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EFAC National Conference 2006

Changing Parish Cultures
reprinted from the Summer 2006 edition of Essentials


   One of the unfortunate realities of our Anglican system across Australia is that too often a newly appointed minister arriving at a parish doesn't fit seamlessly into that particular parish culture. Anglicanism is no longer uniform in its culture or style, let alone beliefs, and so sometimes the necessity for changing parish culture is a reality. I am loathe to suggest a formula for doing so, since each parish and situation is so different, but I have cobbled together the following principles from my experience. I have been part of three culture changes within parishes and it's very important to understand these experiences have all been attempted in highly mobile, urban centres, which is significant because the reality of shifting growth has enormous impact on changing cultures. By "shifting growth" I mean when a new person or family move into an area searching for a new church community to be part of. This is in contrast to "transfer" growth which is when people remain in the same location but change churches. More of the significance of that in a moment. Adam Lamb is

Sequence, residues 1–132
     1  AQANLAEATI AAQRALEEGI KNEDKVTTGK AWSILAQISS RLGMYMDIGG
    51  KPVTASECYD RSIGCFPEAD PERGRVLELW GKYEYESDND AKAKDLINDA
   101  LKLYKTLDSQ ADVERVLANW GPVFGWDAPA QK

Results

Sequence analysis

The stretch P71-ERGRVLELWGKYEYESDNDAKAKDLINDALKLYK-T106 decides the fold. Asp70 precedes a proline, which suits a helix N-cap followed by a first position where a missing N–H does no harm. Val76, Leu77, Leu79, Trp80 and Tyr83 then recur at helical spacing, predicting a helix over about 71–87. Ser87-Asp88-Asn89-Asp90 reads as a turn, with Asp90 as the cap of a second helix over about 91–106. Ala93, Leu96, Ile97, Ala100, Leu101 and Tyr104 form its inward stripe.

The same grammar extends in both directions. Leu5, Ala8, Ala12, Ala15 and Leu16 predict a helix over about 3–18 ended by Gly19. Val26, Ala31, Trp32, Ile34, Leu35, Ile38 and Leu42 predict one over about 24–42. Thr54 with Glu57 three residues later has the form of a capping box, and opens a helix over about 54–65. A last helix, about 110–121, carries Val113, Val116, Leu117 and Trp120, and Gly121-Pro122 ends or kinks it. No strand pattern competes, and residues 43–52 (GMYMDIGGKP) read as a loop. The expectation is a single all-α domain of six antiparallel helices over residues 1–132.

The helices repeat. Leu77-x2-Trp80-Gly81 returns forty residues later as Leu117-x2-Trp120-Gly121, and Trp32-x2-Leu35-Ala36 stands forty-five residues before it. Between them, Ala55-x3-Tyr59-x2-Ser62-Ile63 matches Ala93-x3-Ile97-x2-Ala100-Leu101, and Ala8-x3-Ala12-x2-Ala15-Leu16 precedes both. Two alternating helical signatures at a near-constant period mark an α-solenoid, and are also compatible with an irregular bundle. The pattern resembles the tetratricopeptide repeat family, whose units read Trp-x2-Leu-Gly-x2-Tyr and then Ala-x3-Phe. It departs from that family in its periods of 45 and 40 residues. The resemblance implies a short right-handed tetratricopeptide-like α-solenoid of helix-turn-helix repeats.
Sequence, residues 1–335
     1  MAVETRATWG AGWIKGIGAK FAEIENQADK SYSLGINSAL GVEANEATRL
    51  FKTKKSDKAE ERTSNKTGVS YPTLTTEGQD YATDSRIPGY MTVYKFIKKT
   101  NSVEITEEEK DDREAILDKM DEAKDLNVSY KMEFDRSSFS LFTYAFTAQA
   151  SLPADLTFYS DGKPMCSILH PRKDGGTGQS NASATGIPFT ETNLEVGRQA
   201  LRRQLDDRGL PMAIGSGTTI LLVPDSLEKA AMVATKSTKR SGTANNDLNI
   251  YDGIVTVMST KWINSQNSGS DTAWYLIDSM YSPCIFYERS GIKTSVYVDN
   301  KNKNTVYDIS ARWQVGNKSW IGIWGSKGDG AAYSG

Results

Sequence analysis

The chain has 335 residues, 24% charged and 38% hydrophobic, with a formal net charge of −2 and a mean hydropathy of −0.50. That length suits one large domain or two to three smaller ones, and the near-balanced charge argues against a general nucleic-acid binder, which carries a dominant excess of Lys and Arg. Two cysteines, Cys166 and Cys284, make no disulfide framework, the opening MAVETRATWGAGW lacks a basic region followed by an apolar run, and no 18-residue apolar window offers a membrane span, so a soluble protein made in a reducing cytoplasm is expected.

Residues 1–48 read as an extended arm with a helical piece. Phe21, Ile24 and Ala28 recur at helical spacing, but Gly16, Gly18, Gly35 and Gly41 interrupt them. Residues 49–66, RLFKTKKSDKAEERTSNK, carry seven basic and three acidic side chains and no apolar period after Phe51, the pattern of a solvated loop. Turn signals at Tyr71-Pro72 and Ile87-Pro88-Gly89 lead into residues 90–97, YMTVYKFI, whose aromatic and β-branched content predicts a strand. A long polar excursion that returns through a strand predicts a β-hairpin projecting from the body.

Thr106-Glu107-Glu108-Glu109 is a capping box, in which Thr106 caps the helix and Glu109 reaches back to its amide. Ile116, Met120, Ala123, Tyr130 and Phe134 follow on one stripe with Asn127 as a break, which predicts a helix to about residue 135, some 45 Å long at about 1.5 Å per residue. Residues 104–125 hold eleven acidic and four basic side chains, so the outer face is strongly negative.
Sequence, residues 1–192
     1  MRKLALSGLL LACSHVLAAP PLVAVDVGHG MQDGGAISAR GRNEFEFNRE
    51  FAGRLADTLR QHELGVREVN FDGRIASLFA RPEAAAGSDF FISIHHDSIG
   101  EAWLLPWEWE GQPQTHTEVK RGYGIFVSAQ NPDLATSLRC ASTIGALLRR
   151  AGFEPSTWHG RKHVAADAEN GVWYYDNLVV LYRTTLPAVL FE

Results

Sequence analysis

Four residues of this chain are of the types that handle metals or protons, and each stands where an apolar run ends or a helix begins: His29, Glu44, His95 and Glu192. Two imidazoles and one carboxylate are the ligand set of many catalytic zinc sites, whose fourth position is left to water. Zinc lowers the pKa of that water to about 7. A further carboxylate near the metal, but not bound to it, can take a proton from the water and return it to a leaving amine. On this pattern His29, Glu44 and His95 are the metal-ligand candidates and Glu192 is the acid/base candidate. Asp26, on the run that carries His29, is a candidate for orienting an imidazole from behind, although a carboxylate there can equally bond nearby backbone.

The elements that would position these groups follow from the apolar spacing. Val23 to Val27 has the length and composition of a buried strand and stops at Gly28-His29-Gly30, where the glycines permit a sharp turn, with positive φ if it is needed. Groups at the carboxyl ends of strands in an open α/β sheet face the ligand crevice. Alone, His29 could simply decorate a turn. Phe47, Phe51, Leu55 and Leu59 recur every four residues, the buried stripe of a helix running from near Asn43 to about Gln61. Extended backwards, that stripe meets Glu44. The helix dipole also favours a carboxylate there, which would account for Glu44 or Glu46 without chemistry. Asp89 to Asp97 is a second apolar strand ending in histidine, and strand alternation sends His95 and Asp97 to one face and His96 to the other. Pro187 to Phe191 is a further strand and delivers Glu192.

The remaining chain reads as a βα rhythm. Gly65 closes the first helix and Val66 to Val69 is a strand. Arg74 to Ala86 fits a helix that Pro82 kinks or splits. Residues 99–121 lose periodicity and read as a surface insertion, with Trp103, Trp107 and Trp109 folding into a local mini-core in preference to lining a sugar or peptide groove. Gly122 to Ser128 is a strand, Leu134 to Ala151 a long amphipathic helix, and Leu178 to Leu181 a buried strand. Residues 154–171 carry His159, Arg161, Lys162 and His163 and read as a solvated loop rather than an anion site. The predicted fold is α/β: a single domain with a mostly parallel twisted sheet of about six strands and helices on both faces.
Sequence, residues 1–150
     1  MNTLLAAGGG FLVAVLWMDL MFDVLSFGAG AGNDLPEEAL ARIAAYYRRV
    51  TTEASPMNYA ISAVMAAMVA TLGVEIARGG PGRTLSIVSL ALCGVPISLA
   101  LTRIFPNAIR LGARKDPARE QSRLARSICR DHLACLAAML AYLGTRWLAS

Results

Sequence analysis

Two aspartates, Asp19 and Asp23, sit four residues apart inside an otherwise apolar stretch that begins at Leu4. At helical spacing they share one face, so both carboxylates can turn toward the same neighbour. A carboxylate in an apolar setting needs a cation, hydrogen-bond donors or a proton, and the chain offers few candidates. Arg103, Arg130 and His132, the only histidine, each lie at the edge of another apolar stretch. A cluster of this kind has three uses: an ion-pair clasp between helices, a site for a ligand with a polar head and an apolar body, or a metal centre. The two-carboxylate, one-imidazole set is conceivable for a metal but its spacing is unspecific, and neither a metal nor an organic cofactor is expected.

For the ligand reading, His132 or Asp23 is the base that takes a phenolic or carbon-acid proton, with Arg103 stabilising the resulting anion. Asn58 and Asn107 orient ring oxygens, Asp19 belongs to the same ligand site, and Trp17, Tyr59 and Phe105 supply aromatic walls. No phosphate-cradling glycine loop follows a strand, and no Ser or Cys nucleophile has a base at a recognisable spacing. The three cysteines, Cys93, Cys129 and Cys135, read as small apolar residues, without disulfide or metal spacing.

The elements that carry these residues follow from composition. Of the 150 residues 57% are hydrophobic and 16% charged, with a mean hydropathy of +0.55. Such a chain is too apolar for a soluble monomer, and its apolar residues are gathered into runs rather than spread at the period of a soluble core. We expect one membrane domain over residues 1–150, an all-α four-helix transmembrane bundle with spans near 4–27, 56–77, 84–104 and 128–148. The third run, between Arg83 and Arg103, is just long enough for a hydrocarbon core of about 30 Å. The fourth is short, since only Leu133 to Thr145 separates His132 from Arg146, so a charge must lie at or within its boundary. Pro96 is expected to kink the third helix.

Parish of Leederville, Perth
   When looking to change a parish culture the first and most crucial step to ask is, "Is change really necessary?" Some changes we can inflict upon parishes can be more a reflection of our inflexibility & intolerance than strategic thinking. For example to force a congregation, who for forty years have been conditioned and socialised into traditional prayer book services, to loosen up and get contemporary, will almost certainly end in division, unhappiness and the closing down of pastoral relationships. So it seems to me the wise first step is to work out what is a core issue and what is a secondary issue that may not need changing or at least a very different approach and urgency. Seeking to establish a parish culture of clear Biblical teaching is a core issue and worth the potential and probable upset it will cause. Music, service style, dress and so on I wouldn't put down as a core issue. Some change that is core will need to be immediate and other change can wait.